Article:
Book Review: The Complete Steve Canyon, Volume 3: 1951-1952 by Milton Caniff

Since January 2012, the Library of American Comics, by way of IDW Publishing, has been releasing collections of Milton Caniff’s Steve Canyon newspaper comic strips.  Volume 3 was released in January 2013 and presents the strips from  January 1, 1951 to December 31, 1952, covering the 5th and 6th year of the strip’s 41-year run. While the Korean War raged on in the real world, Air Force Major Steve Canyon was sent around the globe conducting official and unofficial missions.  Library of American Comics associate editor Bruce Canwell wrote the essay “Promotions of Every Stripe,” which provides annotations to the strips as well as comparisons to Caniff’s previous strip, Terry and the Pirates.

The book opens with about the last two weeks of a story. Steve is briefly in the clutches of Herself Muldoon, which he escapes thanks to help from Cheetah. Herself gets away, leaving behind her daughter in true villain fashion, but it’s hard to believe one man she sneaked past didn’t notice considering how close they got.

Steve’s next assignment is a secret assignment into Red China to rescue prisoners. He is assisted by Foo Ling, a regrettable Asian caricature who speaks broken English and on Sundays his skin drawn yellow. Lieutenant Breck Nazaire and Dr. Deen Wilderness, who hides her credentials and poses as a nurse so she can help the war effort, return to the strip. They grow romantically interested in one another which almost derails the mission. This humanizes these characters, who strive to make up for their mistake. They risk all and neither comes away unscathed.

Off to Hong Kong, Steve and Foo Ling work to break up a white slavery ring involving the Duchess of Denver, whom Foo Ling knew from vaudeville, and her creep of an abusive husband, Fungo. Steve and the Duchess think they have safe passage until Captain Curly Kew shanghais them, for crew and companionship respectively. The trip is dangerous as Kew is delivering goods to the Chinese in spite of a United Nations embargo, but they turn on him and sink his ship while Steve and the Duchess are trapped below. Speaking of dangerous, Caniff gets a little racy as Curly was hoping to get the Duchess in a revealing sailor’s shirt, but she noticed in time and turned it around, avoiding a scandal in every city the strip appeared. Caniff’s drawing of her from the back as she changes is very alluring.

After surviving in the harsh ocean and with harsh navy men, Steve gets what all around him think is a terrible assignment, serving on Eel Island under Colonel Sam Index, an overly jealous man whose wife Delta gives him reason to be. The situation grows more uncomfortable when it’s revealed she and Steve have a past together. With the help of two young lieutenants, Bucket and Fitch, traitors are discovered on Eel Island. The young men are fun characters and I hope to see Steve team up with them again. Steve’s nobleness is on display in his dealings with Index, whose flaws compromise his command.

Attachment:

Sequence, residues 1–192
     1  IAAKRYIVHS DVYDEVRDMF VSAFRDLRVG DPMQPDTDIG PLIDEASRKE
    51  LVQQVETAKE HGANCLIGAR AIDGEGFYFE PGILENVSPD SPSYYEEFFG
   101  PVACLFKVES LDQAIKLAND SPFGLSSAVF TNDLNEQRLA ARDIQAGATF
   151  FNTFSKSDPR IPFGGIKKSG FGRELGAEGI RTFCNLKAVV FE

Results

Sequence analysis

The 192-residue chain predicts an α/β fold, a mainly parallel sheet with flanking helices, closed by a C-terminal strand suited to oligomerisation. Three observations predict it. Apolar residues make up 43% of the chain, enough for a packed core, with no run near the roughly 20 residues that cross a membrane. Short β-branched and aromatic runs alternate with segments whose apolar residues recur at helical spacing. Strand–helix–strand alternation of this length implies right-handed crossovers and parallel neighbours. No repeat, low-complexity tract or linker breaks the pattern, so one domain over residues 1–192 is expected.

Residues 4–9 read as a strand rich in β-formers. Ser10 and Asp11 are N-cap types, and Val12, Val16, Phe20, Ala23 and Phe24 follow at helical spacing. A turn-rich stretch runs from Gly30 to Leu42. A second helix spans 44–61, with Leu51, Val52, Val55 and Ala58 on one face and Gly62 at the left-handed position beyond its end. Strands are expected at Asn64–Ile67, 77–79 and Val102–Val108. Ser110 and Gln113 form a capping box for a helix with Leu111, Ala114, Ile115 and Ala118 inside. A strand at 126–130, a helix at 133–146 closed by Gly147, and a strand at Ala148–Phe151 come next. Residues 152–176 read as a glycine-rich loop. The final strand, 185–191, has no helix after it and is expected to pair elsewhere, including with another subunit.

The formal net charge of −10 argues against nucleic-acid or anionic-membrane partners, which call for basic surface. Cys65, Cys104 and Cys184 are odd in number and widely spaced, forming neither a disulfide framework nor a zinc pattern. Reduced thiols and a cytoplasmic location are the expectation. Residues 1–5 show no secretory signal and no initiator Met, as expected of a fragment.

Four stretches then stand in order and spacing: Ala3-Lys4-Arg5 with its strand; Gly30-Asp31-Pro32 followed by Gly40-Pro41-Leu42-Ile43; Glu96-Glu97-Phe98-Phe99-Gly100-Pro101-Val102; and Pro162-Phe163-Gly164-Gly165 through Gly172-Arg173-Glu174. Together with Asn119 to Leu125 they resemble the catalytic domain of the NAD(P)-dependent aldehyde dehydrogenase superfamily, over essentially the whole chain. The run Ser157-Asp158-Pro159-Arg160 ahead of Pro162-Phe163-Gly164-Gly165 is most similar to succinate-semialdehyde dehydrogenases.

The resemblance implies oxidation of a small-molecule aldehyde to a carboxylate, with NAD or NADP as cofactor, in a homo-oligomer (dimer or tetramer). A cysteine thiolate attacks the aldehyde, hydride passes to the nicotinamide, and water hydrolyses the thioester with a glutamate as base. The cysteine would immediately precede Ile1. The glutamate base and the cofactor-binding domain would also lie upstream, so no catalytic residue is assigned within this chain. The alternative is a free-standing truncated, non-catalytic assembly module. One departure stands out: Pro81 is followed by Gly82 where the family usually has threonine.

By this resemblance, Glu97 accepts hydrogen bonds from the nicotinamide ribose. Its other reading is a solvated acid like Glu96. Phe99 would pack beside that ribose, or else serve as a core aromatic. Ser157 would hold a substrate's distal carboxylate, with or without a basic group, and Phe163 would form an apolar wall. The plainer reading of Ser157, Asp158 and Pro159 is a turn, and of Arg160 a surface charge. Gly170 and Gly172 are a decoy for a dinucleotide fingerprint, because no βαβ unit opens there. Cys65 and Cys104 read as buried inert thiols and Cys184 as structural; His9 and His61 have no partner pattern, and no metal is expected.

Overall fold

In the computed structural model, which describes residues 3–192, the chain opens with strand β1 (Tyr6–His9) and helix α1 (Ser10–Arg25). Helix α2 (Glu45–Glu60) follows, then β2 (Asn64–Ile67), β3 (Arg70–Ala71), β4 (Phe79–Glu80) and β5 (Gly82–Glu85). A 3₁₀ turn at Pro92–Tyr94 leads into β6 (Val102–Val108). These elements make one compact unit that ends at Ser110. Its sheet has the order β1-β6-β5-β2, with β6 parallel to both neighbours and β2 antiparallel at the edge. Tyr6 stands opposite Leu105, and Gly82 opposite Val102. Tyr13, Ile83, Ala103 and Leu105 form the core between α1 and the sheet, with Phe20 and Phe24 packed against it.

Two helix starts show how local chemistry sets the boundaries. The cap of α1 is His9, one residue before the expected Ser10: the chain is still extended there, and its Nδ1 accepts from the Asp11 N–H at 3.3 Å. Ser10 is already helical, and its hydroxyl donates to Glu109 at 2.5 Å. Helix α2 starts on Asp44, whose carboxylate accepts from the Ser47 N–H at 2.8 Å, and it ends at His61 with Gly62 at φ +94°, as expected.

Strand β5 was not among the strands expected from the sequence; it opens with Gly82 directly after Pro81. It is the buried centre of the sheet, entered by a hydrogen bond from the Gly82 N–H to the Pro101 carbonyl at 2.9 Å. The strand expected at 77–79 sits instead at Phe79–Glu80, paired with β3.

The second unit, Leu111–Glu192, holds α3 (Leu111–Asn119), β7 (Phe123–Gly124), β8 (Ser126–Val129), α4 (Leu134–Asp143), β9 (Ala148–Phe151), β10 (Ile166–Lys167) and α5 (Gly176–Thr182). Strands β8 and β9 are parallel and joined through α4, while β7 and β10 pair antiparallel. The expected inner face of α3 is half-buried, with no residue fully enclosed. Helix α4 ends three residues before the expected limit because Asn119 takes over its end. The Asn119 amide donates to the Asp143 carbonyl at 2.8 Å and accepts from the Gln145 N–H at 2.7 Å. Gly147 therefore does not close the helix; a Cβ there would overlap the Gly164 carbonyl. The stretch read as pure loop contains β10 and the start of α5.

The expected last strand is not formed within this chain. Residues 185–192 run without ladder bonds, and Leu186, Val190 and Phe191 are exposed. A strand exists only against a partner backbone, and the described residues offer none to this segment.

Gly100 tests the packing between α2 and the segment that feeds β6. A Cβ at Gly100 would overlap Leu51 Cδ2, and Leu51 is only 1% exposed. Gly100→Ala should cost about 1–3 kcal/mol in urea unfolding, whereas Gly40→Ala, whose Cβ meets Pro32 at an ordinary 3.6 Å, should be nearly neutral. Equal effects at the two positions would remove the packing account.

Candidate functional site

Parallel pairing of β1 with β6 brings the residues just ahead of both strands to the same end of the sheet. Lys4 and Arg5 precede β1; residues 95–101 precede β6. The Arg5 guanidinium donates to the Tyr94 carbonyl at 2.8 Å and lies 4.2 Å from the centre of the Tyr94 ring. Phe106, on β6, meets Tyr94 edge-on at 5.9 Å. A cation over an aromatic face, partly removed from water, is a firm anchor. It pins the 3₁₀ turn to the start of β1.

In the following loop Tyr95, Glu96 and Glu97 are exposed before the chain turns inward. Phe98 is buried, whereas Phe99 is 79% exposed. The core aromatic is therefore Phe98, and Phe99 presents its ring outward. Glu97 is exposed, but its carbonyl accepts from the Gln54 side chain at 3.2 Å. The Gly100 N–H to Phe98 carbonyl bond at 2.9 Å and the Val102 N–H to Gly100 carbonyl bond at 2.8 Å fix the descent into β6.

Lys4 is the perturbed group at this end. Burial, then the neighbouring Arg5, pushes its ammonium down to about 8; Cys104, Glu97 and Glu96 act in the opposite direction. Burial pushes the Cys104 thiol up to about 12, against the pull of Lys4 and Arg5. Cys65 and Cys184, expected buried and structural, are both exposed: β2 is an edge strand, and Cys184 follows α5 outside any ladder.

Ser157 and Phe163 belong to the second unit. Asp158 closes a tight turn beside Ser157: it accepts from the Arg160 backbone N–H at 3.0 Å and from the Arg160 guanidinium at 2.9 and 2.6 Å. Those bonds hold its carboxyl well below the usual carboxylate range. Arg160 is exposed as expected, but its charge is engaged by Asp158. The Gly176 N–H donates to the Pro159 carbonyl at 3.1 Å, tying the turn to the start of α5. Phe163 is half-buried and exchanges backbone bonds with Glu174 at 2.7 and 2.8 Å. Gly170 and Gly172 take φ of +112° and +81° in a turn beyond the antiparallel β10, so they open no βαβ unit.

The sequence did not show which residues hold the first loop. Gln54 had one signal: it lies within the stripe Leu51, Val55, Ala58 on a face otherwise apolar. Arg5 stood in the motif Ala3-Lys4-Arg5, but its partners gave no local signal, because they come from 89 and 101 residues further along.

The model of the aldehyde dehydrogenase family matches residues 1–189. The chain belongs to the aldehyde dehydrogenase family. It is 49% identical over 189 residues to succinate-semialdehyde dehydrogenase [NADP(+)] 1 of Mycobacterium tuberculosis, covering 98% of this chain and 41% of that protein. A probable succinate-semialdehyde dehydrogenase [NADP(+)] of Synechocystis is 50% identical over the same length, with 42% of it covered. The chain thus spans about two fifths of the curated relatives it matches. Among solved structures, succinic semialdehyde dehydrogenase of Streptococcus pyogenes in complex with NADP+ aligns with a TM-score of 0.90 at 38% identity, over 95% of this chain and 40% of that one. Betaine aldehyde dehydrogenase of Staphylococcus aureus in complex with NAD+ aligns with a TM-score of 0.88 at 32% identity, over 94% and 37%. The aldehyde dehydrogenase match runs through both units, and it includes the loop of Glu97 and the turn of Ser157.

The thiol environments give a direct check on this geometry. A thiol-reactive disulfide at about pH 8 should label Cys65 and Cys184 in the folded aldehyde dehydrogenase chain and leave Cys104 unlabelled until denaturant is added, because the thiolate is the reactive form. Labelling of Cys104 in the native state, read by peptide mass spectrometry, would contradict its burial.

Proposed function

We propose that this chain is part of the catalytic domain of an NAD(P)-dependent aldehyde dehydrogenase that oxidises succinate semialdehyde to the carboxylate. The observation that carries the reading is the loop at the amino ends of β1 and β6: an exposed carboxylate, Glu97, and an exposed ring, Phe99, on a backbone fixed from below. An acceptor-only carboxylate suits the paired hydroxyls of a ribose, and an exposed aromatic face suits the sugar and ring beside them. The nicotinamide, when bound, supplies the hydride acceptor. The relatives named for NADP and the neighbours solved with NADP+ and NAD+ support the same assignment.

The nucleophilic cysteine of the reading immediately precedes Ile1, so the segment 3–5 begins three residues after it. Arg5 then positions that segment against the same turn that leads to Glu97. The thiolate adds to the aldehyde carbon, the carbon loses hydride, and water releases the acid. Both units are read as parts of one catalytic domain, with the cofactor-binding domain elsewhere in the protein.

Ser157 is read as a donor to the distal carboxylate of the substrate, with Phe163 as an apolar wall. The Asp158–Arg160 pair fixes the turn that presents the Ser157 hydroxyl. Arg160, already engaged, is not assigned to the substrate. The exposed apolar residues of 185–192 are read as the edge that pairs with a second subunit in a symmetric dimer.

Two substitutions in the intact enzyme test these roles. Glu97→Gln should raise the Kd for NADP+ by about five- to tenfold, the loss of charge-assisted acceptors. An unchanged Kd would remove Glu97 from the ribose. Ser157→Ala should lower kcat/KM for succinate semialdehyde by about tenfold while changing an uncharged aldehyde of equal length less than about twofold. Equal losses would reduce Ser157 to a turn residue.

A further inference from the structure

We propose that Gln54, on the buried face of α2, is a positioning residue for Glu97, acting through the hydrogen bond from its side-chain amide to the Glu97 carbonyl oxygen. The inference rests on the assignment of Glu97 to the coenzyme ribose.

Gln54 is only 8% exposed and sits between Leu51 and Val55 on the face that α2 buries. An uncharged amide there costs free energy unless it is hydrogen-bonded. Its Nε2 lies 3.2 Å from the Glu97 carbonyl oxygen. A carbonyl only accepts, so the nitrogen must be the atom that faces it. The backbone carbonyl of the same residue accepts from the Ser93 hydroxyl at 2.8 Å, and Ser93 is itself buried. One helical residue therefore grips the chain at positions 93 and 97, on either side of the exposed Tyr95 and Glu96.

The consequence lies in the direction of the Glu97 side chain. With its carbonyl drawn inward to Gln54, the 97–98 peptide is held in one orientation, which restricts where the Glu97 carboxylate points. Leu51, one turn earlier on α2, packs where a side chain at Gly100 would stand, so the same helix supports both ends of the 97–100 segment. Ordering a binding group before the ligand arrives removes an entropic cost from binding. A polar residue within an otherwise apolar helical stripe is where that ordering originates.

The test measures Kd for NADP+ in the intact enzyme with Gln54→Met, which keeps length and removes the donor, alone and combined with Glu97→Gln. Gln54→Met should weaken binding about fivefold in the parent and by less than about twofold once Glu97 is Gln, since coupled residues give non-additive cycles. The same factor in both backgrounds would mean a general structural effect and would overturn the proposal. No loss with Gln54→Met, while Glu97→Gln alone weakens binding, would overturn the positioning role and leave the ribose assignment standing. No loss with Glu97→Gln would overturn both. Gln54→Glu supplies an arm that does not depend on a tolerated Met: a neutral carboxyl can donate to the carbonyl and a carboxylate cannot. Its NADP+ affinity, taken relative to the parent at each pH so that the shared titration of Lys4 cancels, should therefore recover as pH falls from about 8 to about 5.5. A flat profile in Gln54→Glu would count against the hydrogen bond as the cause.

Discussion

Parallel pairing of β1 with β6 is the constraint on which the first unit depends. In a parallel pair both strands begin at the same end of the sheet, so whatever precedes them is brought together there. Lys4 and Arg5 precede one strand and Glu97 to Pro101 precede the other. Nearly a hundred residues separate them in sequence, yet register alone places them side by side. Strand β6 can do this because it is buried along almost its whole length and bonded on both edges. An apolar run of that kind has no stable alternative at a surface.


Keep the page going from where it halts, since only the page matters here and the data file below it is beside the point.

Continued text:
Steve is sent to Maumee University to help protect Dr. Summit and his experiments on quick-drying cement. As cover, he is going to be seen dating the doctor’s secretary, who turns out to be Summer Olsen, who was introduced to the strip on May 29, 1949 as Summer Smith. She was engaged to Leyton Olson, who is M.I.A. from a mission Steve sent him on, and had his child. While the Air Force’s concern proves valid and a mystery needs to be solved, love blooms between Steve and Summer, which has huge ramifications for the strip moving forward. They almost get married until she receives a telegram from Leyton Olson. Heartbroken, Steve races away on another mission before Caniff delivers an interesting twist for readers.

Wise-cracking Miss Mizzou makes her strip debut wearing only a trench coat. She catches a plane out of the Alaskan territory with Steve and others. A fog rolls in and they crash in the Canadian wilderness. A French Canadian, Bonbon, is hiding from the Royal Canadian Mounted Police and takes the survivors prisoner so they don’t to give him away, but it’s likely the authorities will come looking since one of the passengers stole a diamond necklace. Caniff delivers another smart plot as the culprit is revealed and before they get back to civilization, the story switches from mystery to adventure as a distraught Mrs Himmerskorn who attempts suicide by roaring rapids that had for Sourdough Falls. Even though presented in static panels, the presentation is thrilling.

The last two months of the strip find Steve reuniting with Summer, but she is working as a secretary for his former boss, the wickedly entertaining Copper Calhoon. Unfortunately the job pays so well that Summer puts up with Copper’s around-the-clock tasks, which puts a monkey wrench into any wedding plans. Steve gets promoted to Lieutenant Colonel Canyon and transfers to Indian Cape where the locals aren’t too pleased with the Air Force.

I found myself utterly impressed with Milton Caniff’s artwork as I dove back into the world of Steve Canyon. He is in such command as he creates characters with varied facial expressions that make their emotional state obvious. Panels are packed with details for the costumes and settings that make the strip play like a movie. His use of blacks to create shadows and his decisions to not include background detail at times helps elevate the art. If there was any knock, some of the women do have similar facial features.

Even though the book opens during the conclusion of a story, The Complete Steve Canyon, Volume 3 makes a perfect introduction to the strip and Milton Caniff.

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Gordon S. Miller

Publisher/Editor-in-Chief of this site. "I'm making this up as I go" - Indiana Jones

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